Disengagement and withdrawal. While many teenagers have bad breakups or failed tests that lead to sadness, depression occurs for an extended time, usually longer than two weeks.
“Teen depression is a different than feeling sad and anxious, which is normal for a teenager,” Ojeda said. “When you are depressed, being sad and anxious lasts a long time, and interferes with daily functioning.”
Heightened aggression. It is common for most teens to fight with parents and siblings, but aggressive behavior may indicate a bigger problem. Depressed teens often exhibit irritability, big reactions to small things and feelings of intense frustration or anger.
A large Canadian study of child development released earlier this year found a link between high irritability and teenage suicide attempts. Rohaidy cautions that irritable, aggressive behavior may not only surface in person, but also on social media. She advises parents to keep close tabs on their teenager’s accounts.
“Maybe their posts are getting more serious. … Look behind what they post for additional meaning.”
Isolation or change in behavior. Another warning sign of depression is a desire to be alone. If your son previously had joined the family for dinner or spent time with friends and now doesn’t come out of his room, that’s something to look for, Rohaidy said.
While adults tend to isolate themselves when depressed, teenagers may keep up at least some friendships.
At Joe DiMaggio Children’s Hospital in Hollywood, Dr. David Rube often treats teenagers with severe depression. Rube, a specialist in child and adolescent psychiatry, said one teenage boy he treated for depression had been considering suicide for 2½ years before he attempted it.
“Boys often don’t have the social network to say, ‘I’m really depressed.’ Girls say it to other girls all the time,” Rube said. “There also is that stigma that boys should know how to handle it, and the result is there are a lot of unidentified boys out there with depression.”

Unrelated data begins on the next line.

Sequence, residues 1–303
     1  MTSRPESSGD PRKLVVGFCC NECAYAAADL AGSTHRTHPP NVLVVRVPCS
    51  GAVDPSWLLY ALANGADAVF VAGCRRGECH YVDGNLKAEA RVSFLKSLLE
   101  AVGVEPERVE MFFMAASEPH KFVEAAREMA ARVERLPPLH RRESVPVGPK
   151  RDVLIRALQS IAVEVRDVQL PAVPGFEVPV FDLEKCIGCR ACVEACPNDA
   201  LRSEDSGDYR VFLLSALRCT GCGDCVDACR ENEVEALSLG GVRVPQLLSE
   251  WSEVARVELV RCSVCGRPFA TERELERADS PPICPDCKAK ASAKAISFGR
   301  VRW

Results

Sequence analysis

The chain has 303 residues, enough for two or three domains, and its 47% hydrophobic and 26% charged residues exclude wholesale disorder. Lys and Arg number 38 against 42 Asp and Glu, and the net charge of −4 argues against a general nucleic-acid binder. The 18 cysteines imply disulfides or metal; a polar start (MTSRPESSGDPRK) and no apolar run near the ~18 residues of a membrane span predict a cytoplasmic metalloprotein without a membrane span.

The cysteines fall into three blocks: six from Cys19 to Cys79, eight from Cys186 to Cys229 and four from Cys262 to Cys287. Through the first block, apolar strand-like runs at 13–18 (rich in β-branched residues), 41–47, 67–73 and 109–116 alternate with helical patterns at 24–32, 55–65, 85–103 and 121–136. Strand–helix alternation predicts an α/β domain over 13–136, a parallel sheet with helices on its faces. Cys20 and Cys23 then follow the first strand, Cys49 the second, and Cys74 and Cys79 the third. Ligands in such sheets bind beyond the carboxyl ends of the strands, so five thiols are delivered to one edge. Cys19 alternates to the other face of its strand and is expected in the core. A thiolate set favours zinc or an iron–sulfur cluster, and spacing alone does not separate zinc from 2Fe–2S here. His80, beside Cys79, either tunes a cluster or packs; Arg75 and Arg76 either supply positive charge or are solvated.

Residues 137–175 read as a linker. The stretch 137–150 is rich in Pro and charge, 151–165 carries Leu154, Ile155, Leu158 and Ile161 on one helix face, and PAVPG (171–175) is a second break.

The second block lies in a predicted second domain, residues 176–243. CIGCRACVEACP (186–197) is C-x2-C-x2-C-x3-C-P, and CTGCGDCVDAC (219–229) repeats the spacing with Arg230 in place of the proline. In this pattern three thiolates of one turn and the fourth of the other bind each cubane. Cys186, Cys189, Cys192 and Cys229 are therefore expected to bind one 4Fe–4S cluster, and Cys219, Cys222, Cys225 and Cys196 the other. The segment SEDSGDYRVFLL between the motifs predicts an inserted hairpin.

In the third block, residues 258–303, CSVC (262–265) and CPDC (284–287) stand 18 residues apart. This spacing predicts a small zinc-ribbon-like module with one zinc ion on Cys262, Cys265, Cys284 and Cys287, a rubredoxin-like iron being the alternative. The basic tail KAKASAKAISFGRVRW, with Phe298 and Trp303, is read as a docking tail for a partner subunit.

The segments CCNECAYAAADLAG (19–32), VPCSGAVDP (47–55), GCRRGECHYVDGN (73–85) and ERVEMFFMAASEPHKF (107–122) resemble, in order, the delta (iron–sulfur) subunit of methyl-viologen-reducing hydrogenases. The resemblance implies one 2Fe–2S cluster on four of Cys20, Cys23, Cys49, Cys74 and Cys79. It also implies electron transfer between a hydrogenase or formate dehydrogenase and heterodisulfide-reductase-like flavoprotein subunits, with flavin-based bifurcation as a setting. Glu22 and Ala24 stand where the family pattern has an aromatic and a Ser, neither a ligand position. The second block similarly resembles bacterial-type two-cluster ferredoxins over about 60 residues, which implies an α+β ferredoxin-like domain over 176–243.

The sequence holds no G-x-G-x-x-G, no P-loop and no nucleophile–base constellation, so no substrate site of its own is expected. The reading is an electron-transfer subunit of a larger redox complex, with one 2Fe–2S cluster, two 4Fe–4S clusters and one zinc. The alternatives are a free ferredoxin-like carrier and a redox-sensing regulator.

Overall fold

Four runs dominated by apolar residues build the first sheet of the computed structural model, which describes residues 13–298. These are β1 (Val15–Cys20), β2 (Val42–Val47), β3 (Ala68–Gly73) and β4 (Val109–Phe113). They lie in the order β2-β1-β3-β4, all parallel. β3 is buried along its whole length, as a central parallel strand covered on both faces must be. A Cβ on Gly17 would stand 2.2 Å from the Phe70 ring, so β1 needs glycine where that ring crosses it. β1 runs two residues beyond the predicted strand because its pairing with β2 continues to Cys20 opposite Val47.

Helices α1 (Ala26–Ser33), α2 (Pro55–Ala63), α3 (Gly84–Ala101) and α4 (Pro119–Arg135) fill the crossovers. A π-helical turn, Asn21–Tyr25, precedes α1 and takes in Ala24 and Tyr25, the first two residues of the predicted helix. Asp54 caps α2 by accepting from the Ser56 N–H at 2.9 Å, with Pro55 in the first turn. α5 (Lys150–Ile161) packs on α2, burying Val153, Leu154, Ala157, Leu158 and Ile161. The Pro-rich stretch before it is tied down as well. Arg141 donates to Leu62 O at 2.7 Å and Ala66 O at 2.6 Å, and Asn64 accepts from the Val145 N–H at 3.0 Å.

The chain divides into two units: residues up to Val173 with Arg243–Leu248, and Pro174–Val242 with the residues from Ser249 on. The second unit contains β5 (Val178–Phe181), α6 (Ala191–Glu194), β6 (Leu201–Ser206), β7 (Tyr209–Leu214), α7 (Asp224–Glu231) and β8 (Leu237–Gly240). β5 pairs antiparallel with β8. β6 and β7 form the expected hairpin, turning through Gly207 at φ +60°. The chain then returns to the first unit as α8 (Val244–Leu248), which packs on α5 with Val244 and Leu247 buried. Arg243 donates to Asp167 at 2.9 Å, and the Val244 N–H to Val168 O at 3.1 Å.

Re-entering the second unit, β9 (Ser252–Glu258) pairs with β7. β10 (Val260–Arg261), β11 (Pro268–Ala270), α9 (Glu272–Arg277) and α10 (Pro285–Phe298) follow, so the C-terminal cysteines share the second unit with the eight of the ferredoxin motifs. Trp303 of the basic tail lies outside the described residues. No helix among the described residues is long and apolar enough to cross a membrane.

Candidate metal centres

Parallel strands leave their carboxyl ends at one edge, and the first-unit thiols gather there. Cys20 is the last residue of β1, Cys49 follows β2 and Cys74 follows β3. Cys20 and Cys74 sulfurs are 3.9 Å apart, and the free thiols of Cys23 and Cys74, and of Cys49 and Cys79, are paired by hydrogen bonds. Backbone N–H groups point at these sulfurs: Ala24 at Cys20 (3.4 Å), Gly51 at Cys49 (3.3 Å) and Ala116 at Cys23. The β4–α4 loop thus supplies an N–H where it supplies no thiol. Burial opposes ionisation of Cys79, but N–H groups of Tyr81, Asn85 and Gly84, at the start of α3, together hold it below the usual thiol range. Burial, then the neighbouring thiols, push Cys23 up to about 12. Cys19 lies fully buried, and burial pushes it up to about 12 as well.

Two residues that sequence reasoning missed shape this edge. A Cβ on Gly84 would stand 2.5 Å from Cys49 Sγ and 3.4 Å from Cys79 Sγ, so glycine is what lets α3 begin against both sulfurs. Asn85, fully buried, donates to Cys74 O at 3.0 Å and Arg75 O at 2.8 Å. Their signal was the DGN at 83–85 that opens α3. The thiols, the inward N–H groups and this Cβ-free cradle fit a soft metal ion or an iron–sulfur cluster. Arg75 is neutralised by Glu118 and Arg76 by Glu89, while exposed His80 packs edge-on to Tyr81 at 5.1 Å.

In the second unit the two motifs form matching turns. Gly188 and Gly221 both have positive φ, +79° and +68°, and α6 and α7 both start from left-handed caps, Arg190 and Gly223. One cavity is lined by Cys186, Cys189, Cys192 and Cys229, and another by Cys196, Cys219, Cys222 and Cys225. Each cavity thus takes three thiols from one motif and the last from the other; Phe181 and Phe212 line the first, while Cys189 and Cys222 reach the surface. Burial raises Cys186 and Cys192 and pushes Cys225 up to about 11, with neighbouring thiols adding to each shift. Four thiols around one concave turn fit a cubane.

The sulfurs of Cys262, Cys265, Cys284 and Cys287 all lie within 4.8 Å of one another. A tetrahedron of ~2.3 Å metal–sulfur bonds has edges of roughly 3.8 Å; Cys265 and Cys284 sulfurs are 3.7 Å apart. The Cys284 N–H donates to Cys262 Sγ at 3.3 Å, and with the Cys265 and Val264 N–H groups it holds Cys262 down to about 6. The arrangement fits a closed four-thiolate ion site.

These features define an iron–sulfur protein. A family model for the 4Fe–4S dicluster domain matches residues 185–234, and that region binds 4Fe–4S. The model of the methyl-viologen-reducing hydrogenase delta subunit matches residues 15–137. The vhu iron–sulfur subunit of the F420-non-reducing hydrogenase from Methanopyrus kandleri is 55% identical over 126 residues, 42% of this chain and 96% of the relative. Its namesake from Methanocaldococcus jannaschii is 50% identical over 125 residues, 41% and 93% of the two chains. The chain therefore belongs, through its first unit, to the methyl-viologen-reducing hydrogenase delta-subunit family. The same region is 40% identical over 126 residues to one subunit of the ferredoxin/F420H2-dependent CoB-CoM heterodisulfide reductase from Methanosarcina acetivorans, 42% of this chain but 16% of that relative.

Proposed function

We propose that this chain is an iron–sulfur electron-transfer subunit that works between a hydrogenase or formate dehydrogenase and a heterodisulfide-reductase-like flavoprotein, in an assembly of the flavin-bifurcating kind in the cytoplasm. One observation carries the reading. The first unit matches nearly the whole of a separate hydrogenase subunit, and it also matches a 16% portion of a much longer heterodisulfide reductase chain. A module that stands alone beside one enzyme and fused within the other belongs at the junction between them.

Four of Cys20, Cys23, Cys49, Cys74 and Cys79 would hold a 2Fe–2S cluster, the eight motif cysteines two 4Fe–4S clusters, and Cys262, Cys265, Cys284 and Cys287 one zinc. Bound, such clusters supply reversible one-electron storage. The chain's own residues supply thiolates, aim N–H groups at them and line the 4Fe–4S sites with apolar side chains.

Drop in grades. Depression can deplete a teenager’s energy and create concentration difficulties. At school, this may lead to poor attendance, a drop in grades, or frustration with schoolwork.
“Don’t be afraid to call the school and find out what’s going on,” Rube advises parents. “A change in grade performance could be depression, drugs, or something else,” he said, “but it does give an indication that something is off.”
Crying, sleeping and eating issues. Unexplained crying, loss of appetite and sleeplessness or too much sleep are also signs that a teen is troubled or potentially depressed. A 2014 University of Texas Health Science Center study found depressed teens were four times as likely to lose sleep.
Substance abuse. Substance abuse often accompanies depression, particularly in boys. Because addiction and depression both originate in the brain, people who have mental health issues are more prone to addictive behaviors.
“In general, for boys, numbing their feelings with alcohol or drugs tends to be a way of dealing with intense emotion,” Rube said